Body After Baby: Postnatal Care

Body After Baby: Postnatal Care

Where do I start? 

In the first two days following birth, my body was exhausted. It hurt to roll over. Sleep deprivation was in full force. My body felt foreign. I had a constant feeling of vulnerability.

The first month of motherhood is overwhelming. It’s full of love, frustration, joy, fear, and awe. Fitness is not the focus, survival is, lol.  But really, though — I wanted to enjoy the newness with my little one. I wanted to give time for my body to physically heal.  I wanted to make enough milk. I wanted to sleep. I wanted to allow this major life change to take shape. And with all of that, my memory of the first month is still so much of a blur.

Six weeks after my baby arrived, I got the “all clear” to exercise from my doctor. Thankfully, the painful SI joint issue I battled in my third trimester was mostly resolved by this time. I was ready to begin to train again. My goals were losing weight, restrengthing weakened muscles, and regaining my cardiovascular endurance. 

To begin, I did some assessments.

As weight loss was a goal, I weighed myself and took some measurements to have some starting numbers. Not the most fun thing…  I did not love those numbers either...

Then I did a self check for, and found, a small diastasis (not quite two-fingers width.) This is a common abdominal separation that can happen because of pregnancy. Even while knowing how common it is, and how minor my diastasis was, I still had feelings of frustration and disappointment at the discovery.

I reminded myself that the important thing was that I made a person! The baby weight would come off in time, and my strength would return. I needed to allow space for this process.  Slow and steady wins the race, right?

I spent the next six weeks with a corrective exercise focus, working out mostly at home with my baby.

It was about 20 minutes a day, three or four days a week. In order to close the diastasis, regain optimal pelvic floor function, and regain proper postural positioning, pelvic floor, deep abdominals, glutes, alignment, and balance were what I addressed first.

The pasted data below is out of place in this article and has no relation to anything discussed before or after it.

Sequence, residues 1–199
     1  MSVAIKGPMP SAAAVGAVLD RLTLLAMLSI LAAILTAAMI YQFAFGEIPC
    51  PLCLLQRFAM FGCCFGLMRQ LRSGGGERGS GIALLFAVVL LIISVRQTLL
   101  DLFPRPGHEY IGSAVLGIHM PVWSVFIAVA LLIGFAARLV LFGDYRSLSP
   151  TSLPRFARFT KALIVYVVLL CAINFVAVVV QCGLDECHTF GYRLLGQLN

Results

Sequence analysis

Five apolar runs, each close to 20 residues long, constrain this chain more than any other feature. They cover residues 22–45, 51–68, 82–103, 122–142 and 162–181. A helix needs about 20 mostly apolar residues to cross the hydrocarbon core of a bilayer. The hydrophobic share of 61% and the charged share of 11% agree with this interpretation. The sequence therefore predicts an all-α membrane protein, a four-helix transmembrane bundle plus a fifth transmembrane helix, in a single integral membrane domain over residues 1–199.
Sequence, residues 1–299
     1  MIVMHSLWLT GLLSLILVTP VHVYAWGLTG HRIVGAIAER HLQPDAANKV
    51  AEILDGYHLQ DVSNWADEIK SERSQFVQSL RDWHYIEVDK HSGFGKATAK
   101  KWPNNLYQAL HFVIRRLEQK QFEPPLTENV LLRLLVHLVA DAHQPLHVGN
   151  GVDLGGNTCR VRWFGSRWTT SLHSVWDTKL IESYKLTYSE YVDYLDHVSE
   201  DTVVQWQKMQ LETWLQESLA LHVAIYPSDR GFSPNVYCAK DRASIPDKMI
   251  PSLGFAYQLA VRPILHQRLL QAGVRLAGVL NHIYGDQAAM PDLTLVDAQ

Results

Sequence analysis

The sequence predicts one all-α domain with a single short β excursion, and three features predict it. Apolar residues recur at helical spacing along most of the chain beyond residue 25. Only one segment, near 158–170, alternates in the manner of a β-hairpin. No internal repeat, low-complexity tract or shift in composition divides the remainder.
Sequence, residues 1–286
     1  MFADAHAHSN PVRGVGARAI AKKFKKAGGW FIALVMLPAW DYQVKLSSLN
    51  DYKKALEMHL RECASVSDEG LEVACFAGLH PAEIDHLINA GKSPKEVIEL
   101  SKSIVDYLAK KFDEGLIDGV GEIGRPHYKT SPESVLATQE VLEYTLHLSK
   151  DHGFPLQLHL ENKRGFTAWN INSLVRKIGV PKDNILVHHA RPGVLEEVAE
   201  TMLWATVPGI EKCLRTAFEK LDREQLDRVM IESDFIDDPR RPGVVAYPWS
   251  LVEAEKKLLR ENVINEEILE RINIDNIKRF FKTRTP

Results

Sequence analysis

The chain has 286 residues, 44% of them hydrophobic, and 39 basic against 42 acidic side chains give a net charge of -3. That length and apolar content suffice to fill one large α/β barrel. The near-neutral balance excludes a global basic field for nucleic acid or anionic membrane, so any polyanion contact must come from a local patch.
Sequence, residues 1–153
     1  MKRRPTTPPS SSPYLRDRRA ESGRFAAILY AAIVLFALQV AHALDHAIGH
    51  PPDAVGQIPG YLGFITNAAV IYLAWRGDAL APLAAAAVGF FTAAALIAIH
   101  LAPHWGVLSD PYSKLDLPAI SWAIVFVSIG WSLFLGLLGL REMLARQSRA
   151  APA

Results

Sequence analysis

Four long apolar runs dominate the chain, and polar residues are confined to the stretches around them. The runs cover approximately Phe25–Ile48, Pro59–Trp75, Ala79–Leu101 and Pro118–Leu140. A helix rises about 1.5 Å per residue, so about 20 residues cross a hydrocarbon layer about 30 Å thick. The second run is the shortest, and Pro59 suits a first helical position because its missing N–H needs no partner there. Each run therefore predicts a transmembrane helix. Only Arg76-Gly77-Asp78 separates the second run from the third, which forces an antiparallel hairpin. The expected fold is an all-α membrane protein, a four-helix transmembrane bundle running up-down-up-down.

For cardio, I walked in the park with short jog bursts a few times a week. I got winded quickly, and I felt a constant need to pee!  I recruited my husband to come along with the baby sometimes — we took turns jogging away from, and then back to the stroller. Making it a game helped with the feelings of frustration and vulnerability I was experiencing, and not losing precious family time for the sake of exercise made it easier to motivate.

At the end of six weeks, I did a check on weight and measurements. I DID NOT LOSE A POUND IN THOSE SIX WEEKS… That bothered me more than I wanted it to. I knew in my head that it shouldn’t matter. Some women drop weight from breastfeeding, some hold onto it. I held onto it. I felt guilty for caring about it, but I did. My measurements budged a little bit. I took that as a sign that something was going right, and pressed on.

Thankfully, as my body started to feel stronger, my feelings of frustration weakened. When I could push longer in a jog spurt, or lift a heavier weight, or feel muscle activation in my abs more completely, I felt more like me again. I felt more capable, more energized, more stable. All of these things helped me forget about the scale for a bit. I knew I was progressing, and that I had to be patient with the external desires. 

I weighed myself and took measurements after six more weeks. More progress!  

At 18 weeks postpartum, I was fitting into some of my old clothes, my diastasis was closed, and I was sleeping more at night. I was back at work, and feeling pretty good — I did a 10K with Elizabeth Pongo that month, too! I ran really slowly, but I finished, and it felt really good to accomplish. 

Now almost 12 months postpartum, we are in a crazy new time. I didn’t think I would be celebrating my son’s 1st birthday in self quarantine, but that’s what it looks like we will be doing. Obviously, my daily schedule and routine have been flipped upside down. Anxiety is higher, sleep is trickier.  

So — new goals! I want to maintain the strength and conditioning that I have worked for, I want to continue to eat nutritious foods, and I want to sleep better. So far, I am doing ok with these goals. I have a buddy workout scheduled for once a week with a friend. I have my husband workout with me when I can wrangle him. I do a yoga break in my bedroom when I can. Occasionally I will jog outside with a mask on (if you go on a rainy day, hardly anyone is outside!) I am drinking more wine and eating more cookies, but — moderation!

Final thoughts: This time is crazy. I’m doing my best. I’m a work in progress. I’m stressed out. I’m being gentle with myself (I hope you are, too.) I love being a Mom, and I am so thankful.

We are so excited to book YOUR Free Postnatal Fitness Assessment! Fill out the form below.

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